Nail-Gun Injuries Among Consumers Rise With Sales, U.S. Says

Nail-Gun Injuries Among Consumers Rise With Sales, U.S. Says
By Elizabeth Lopatto
April 12 (Bloomberg) -- Nail-gun injuries among U.S. consumers tripled from 1991 to 2005 as the products became more readily available, a report says.
In 2005, 13,400 people sought emergency care for harm related to the tools, researcher's said in today's Morbidity and Mortality Weekly Report. The most-common injuries were puncture wounds, with or without the injection of foreign objects such nails into the body, which together accounted for 87 percent of the reported incidents.
The nail-gun injuries have extended to homes and garages what formerly was a hazard seen mostly in workplaces, such as construction sites, according to the report, published by the Atlanta-based Centers for Disease Control and Prevention.
More at: http://www.bloomberg.com/apps/news?pid=conewsstory&refer=conews&tkr=ITW:US&sid=aL.mrOzJLDmQ
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Nail-Gun Injuries Among Consumers Rise With Sales, U.S. Says
By Elizabeth Lopatto
April 12 (Bloomberg) -- Nail-gun injuries among U.S. consumers tripled from 1991 to 2005 as the products became more readily available, a report says.
In 2005, 13,400 people sought emergency care for harm related to the tools, researcher's said in today's Morbidity and Mortality Weekly Report. The most-common injuries were puncture wounds, with or without the injection of foreign objects such nails into the body, which together accounted for 87 percent of the reported incidents.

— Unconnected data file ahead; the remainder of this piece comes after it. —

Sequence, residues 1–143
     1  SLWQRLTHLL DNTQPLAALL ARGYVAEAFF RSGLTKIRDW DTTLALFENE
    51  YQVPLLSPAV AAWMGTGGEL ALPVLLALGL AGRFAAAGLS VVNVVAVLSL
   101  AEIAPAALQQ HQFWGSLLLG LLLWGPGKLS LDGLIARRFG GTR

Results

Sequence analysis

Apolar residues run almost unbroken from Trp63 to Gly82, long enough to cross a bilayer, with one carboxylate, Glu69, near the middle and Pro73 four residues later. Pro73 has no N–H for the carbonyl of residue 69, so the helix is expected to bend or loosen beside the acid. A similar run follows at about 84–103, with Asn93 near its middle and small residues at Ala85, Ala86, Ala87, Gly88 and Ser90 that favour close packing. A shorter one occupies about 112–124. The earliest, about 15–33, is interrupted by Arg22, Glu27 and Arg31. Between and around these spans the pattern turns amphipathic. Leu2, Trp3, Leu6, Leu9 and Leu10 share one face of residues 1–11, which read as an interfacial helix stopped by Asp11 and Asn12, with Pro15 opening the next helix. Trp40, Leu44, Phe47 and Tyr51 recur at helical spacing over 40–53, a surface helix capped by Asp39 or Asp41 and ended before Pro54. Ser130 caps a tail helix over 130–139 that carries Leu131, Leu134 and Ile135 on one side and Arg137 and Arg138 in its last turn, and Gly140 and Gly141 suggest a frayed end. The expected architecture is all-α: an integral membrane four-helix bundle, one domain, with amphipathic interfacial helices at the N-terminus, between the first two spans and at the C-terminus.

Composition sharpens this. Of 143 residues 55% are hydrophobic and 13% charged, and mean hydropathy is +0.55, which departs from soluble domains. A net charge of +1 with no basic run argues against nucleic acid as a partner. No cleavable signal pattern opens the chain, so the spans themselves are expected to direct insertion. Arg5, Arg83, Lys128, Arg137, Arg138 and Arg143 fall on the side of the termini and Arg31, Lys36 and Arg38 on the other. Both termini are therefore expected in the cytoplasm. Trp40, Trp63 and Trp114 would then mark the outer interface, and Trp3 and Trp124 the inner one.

The nail-gun injuries have extended to homes and garages what formerly was a hazard seen mostly in workplaces, such as construction sites, according to the report, published by the Atlanta-based Centers for Disease Control and Prevention.
More at: http://www.bloomberg.com/apps/news?pid=conewsstory&refer=conews&tkr=ITW:US&sid=aL.mrOzJLDmQ
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What a thoroughly useless and typical report from the alarmist press.
Consumer injuries tripled, but no quantification on how much sales had increased. The rate of injury is what is key here. If sales more than tripled, then the injury rate decreased - ergo no problem. But that doesn't provide a juicy story and advance the career of the reporter.
Another facet ignored is the higher injury rate for new users than for experienced users. I'd venture to guess that the percentage of new users is much higher for consumers than for professionals.
Critical thinking is a sorely missing skill in today's news organizations.
On the plus side at least there was no call for increased or new government regulation of this serious threat to society.
Art

http://www.bloomberg.com/apps/news?pid=conewsstory&refer=conews&tkr=ITW:US&sid=aL.mrOzJLDmQ
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"WoodButcher" wrote in message

experienced
higher for

government
Agreed, but still trying to figure out what's newsworthy about injuries rising with sales in the first place.
What _would_ be newsworthy is if they didn't.
--
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Last update: 2/20/07